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Student Peace Conference strives to promote peace-building initiatives

| Monday, April 16, 2018

The annual Notre Dame Student Peace Conference, a Kroc Institute for International Peace Studies sponsored event, took place Friday and Saturday at the Hesburgh Center to encourage students to have discussions about peace-building and social justice.

The conference was organized by senior co-chairs Elizabeth Hascher and Erin Prestage, who said they have been planning the event since September.

“Something that’s hard when you plan anything this big is that you have to rely on other people,” Hascher said. “There were some bumps along the way, but ultimately we had so much help from our professors, our advisors [and] the other students on the committee who showed up early and stayed after we told them go home.”

Photo courtesy of Elizabeth Hascher

Professors, advisors and co-chairs present at the Kroc Institute for International Peace Studies’ annual Student Peace Conference. The conference took place April 13 – 14 and was themed ’Toward Just Peace.‘

In addition to professors and advisors, the co-chairs said they worked with students who were part of the academic committee, hospitality committee or publicity committee.

“I think with any event it’s always challenging because obviously not everyone is going to be as excited as we are because we spent the last eight months working towards this,” Prestage said. “I definitely think our committee members rose to the occasion and made sure that what we envisioned the conference to be like not only would go that way but would go so much better.”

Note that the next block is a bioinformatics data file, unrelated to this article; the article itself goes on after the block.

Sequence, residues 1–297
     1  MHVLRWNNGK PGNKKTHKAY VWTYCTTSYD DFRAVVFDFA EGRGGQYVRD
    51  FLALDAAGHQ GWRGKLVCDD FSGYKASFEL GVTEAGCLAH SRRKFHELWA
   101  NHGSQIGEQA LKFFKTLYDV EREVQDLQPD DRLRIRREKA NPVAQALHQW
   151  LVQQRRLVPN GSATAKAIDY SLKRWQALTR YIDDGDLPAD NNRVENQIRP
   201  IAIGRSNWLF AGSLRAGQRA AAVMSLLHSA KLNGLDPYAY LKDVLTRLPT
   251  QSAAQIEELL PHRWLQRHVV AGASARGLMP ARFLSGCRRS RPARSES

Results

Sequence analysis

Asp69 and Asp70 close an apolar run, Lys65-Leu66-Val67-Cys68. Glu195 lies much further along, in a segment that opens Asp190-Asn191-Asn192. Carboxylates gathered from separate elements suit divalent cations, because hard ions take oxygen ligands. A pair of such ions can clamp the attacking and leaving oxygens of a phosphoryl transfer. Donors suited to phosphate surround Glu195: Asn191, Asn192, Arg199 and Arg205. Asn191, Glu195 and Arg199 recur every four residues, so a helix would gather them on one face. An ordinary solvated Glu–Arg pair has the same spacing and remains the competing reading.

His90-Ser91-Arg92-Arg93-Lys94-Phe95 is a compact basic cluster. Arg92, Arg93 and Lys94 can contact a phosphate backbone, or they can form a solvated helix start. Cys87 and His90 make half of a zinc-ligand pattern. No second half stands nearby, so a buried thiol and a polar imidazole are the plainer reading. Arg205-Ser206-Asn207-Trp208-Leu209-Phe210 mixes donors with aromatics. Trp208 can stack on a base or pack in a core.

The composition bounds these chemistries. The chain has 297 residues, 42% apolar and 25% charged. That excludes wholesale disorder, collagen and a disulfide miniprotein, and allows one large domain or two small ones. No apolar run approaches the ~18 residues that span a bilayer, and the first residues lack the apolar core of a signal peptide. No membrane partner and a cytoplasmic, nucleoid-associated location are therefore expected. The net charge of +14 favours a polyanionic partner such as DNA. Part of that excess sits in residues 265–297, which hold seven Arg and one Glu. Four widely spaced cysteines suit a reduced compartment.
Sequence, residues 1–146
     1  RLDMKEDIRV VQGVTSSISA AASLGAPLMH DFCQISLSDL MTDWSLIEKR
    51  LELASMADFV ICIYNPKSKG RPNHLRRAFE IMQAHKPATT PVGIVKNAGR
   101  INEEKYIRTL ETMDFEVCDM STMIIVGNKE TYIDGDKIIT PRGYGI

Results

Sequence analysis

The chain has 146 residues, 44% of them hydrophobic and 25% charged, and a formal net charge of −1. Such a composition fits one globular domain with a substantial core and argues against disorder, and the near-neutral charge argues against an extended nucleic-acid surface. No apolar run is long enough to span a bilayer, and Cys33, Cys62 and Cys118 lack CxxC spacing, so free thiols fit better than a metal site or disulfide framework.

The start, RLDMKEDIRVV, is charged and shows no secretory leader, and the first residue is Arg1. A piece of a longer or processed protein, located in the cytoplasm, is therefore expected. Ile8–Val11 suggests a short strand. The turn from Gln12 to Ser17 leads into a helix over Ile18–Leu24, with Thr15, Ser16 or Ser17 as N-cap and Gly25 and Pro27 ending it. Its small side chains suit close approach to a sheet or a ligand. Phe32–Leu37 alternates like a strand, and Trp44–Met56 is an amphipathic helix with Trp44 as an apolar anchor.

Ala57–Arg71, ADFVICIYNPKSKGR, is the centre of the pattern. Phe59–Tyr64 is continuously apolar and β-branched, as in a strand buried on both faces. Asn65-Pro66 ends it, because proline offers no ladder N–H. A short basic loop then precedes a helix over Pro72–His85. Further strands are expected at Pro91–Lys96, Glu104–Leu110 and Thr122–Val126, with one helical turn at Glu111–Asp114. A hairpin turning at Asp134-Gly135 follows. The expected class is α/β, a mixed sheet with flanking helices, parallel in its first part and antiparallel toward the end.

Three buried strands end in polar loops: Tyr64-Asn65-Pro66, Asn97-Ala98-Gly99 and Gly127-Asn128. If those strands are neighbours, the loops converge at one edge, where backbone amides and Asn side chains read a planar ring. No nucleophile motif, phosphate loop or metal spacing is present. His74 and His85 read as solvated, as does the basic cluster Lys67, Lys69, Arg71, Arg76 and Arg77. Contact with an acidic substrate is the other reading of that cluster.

This year’s theme was ‘Toward Just Peace,’ a topic chosen by Hascher and Prestage, they said, because of its applicability to other areas of interest outside of peace.

“We were hoping to get more presentations and papers talking about the intersections between justice and peace,” Hascher said. “We had felt that this was something that can be overlooked in a lot of conversations because sometimes justice and peace are not necessarily compatible, and we want to challenge people to think about getting to a place where they are.”

The universal nature of their theme attracted a more diverse group of students to the conference this year, Prestage said.

“I think our theme was so inclusive towards justice rather than just different ways of peace, which is what it has been in the past,” Prestage said. “It focused a little bit more on the compatibility between the two themes; I think it welcomed a lot more majors that otherwise wouldn’t really be interested in just a conference about peace.”

Hascher and Prestage said that although the conference’s goal was to promote discussion about issues related to justice and peace, they hoped it would accomplish more than conversations.

“It’s one thing for us to have these conversations, but we’re really hoping that people will feel compelled to go out and do something,” Hascher said. “Because if we’re just talking about it, if we’re not actually doing something, we’re not showing up, we’re not speaking out, we’re not protesting and organizing and generally engaging with experiences of violence, we kind of lose the point.”

The highlight of the weekend for Hascher and Prestage, they said, was their keynote speaker Alexis Templeton, an activist who they discovered in the documentary “Whose Streets?” when the Center for Social Concerns sponsored a screening of it last semester.

“Their presentation exceeded all my hopes for this conference,” Prestage said. “They really provided a wake-up call to everyone who was at the conference to that fact that words only mean so much if you’re not showing up and actually putting action to what you’re talking about.”

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